SYLVANIA, Ohio – Near the end of Cullan Brown’s obituary in the Paducah Sun, it states that in lieu of flowers, donations can be made to the new Cullan Brown Memorial West Kentucky Junior Golf Development Fund.
Emma Talley came across the program’s GoFundMe page on Thursday night and committed to donating something for every birdie she makes on the LPGA. Brown, 20, was her best friend.
Talley drained five birdie in a second-round 66 at the Marathon LPGA Classic. She cried after every putt. It will probably be that way for a while.
“Haven’t decided how much yet,” said Talley of her donation pledge. “It’s probably going to be quite a bit.”
The fund has already raised more than $10,000 in 24 hours.
Brown, a standout at Kentucky, died on Tuesday from osteosarcoma, a rare form of bone cancer in his left thigh. Talley’s family home in Princeton, Kentucky, is about five minutes from the Brown’s house in Eddyville. They went to rival high schools. Talley referred to Brown as “the mayor” of Eddyville, a town of about 2,500 people. Kentucky teammate Jay Kirchdorfer once predicted that they’d rename it “Cullanville” someday.
When Talley thinks about what Saturday’s funeral will be like on the lawn of Eddyville First Baptist Church, she imagines thousands gathered together to celebrate a man who loved the outdoors as much as he loved people.
“They’re going to put him in a FootJoy shirt,” said Talley. “Through the whole chemo, every time you saw him at the hospital he’d have on a collared FootJoy shirt.”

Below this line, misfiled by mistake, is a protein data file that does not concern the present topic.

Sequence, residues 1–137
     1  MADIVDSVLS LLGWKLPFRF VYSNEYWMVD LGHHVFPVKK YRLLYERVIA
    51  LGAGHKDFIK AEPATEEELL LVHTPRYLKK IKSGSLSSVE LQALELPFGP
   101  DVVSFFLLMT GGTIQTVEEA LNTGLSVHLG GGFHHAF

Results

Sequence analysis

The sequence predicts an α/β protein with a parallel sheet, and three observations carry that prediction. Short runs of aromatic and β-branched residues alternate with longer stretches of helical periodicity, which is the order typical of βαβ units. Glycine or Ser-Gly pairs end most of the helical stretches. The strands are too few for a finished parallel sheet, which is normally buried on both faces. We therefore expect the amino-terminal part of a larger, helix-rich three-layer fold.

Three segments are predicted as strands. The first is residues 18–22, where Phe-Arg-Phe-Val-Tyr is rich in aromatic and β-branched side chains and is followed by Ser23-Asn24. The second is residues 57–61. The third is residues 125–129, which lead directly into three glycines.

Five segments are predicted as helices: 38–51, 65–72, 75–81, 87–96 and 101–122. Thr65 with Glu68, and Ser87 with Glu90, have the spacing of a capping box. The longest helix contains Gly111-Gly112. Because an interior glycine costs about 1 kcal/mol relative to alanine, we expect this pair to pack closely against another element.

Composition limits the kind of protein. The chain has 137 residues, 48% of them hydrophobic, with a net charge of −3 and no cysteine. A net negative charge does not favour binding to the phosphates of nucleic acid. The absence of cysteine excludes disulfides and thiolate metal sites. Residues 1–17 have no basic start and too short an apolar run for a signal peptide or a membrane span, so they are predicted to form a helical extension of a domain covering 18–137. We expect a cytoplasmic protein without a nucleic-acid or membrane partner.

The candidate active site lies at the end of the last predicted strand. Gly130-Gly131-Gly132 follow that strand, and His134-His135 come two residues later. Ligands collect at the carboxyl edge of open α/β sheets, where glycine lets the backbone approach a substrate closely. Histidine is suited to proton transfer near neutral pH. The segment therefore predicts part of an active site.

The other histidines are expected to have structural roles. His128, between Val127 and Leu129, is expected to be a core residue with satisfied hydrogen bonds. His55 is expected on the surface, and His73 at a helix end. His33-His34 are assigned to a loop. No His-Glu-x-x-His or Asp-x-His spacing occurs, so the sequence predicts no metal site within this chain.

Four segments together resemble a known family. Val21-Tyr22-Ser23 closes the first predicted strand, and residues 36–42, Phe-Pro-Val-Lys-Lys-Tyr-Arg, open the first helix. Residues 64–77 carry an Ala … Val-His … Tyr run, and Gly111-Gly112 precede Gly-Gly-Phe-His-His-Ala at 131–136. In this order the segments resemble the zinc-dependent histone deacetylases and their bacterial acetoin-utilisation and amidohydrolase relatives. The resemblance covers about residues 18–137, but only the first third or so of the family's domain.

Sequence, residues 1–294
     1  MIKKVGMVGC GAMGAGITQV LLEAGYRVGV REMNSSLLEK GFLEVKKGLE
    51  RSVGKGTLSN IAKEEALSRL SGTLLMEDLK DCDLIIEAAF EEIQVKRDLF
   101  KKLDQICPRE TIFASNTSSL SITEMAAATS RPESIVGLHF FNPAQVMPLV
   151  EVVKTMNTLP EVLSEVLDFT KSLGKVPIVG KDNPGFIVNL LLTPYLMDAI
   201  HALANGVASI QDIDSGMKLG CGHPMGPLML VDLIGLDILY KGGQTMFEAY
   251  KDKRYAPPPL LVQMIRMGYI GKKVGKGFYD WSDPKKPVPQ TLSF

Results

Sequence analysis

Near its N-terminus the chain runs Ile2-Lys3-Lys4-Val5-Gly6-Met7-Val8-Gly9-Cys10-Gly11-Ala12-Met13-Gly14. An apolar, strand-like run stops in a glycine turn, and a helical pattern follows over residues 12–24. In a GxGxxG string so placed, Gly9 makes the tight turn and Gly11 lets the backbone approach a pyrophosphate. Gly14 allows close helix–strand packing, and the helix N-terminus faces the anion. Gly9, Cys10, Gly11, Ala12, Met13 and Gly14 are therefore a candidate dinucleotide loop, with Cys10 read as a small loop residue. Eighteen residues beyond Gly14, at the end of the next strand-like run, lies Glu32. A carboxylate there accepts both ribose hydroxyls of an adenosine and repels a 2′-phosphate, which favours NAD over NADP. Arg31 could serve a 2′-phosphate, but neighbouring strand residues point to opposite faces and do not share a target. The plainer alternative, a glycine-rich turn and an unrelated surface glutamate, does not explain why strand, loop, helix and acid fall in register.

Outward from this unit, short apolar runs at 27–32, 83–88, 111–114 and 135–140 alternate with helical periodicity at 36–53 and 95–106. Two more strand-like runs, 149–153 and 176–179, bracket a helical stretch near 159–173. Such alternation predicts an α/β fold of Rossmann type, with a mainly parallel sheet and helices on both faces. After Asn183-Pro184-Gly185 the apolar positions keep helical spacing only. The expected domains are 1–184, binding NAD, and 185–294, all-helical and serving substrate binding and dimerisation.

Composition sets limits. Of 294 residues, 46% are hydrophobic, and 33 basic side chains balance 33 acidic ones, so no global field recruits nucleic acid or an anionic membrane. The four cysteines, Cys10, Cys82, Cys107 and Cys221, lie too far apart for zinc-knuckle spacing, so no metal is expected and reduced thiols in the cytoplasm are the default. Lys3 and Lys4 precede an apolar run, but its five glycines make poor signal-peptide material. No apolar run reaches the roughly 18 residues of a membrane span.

Visitation was scheduled for Friday in Eddyville from 2 p.m. to 8 p.m.
Talley didn’t want to get out of bed on Thursday, let alone show up to Highland Meadows and play the first round of the Marathon while wearing a mic for the Golf Channel. But she did it, because she knew that’s what Brown would want.
On Friday, she came out determined to enjoy the walk because, again, that’s how he’d want it.
Talley made over 100 Kentucky blue ribbons for players to wear at the Marathon, telling players they’d be in her staff bag. Now that most of the ribbons are gone, she’s going to make more to put on the first tee. Participants are also wearing ribbons this week at U.S. Women’s Amateur, a championship Talley won seven years ago.
Talley said she’s been blown away by the support. She’s excited about the idea of future generations knowing about Cullan too.
“We don’t really have a western Kentucky golf program,” she said, “so this is kind of the perfect opportunity to live his legacy and continue letting people know who he was.”